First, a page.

One of the most important things many people in my experience have commented on is that when you see them, especially for the first time after their loss, you need to express your condolences. They know, and you know the elephant in the room and it is best just to address it. Some people feel awkward and want to avoid the subject, but to the person grieving it will likely upset them more because you are ignoring the person they lost. This obviously does not apply when you are unaware of their loss-but they will be able to tell the difference between avoidance and just not knowing.
Offering Help and/or Your Company
Another important thing for supporting others who lost a loved one is be the first person to initiate contact after they start resuming their life and figuring out what their new "normal" is going to be. After a death, so many friends, family, co-workers, and acquaintances will offer their sympathy and their truly well intentioned "let me know what I can do to help you", or "call me anytime you need to talk". When the person actually could use help or someone to talk to the last thing they want to do is be the one to reach out for help.
You need to know your audience to know if this is an acceptable way of supporting someone suffering a loss. Some people try and not discuss their loss in order to keep control of their emotions, but for others hearing stories and talking about their loved one validates that others remember and want to not forget the memory of the loved one.
If you are close enough with the person suffering from a loss, and you have met the deceased, sometimes it can be comforting to share a nice memory or story of the person. After a death, the person grieving might feel that they are the only one suffering so deeply or that people are too afraid to talk about their loved one. If you are close enough to want to share a story or talk about the person, it is probably o.k to simply ask if they mind if you talk about their loved one. Once you ask, they will probably tell you their true feelings. If they say it is o.k. they might really find peace and healing from talking.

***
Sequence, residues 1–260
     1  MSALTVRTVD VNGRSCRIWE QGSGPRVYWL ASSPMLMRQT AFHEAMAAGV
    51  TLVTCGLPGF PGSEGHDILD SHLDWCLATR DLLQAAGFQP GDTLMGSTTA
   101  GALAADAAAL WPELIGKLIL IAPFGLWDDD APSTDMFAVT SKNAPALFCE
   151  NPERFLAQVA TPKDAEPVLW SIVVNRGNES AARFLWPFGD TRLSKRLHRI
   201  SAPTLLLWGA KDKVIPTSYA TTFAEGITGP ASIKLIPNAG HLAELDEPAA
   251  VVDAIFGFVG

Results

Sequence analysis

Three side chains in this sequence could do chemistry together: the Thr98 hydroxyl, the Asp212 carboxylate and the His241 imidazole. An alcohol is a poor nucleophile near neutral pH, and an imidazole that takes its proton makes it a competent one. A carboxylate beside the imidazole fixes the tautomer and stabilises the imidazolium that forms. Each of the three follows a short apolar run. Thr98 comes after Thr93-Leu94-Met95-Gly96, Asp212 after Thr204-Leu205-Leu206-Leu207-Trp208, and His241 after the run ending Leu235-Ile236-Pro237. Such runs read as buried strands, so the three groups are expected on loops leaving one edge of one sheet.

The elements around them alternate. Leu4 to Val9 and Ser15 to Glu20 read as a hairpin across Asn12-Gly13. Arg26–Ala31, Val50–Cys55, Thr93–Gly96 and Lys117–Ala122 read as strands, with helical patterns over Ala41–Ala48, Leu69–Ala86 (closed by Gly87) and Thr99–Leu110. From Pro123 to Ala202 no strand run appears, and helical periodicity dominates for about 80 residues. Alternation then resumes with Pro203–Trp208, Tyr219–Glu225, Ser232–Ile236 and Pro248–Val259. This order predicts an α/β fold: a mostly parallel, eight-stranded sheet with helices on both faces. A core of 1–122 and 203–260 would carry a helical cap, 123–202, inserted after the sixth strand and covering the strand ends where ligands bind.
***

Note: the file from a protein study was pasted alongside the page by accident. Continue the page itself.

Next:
Remember, Everyone is Different
One other thing to keep in mind while talking with someone about their loss is that they are grieving a unique person who passed. It is easy for people to discuss others who have also passed, but at the time they are still grieving no other person who has passed matters to them at that moment. We can feel that sharing a story offers hope and support, but they want to focus on their special loss. Remembering the person lost and the person grieving are different from everyone else in the world can help focus the attention on the situation.
As with any sensitive subject, every situation and group of people are different. Etiquette can vary based on culture too, so use your best judgement and take cues from others in and near the situation for whether your conversations or actions are acceptable. After looking for cues, I follow my heart as to what feels like the right thing to do. Offering support to others should be from the heart, and they will be able to tell your loving intentions toward them!
This post is in memory and honor of the aunt I lost to cancer last week, and in support of my uncle who has now been a widower twice because of the terrible disease, cancer.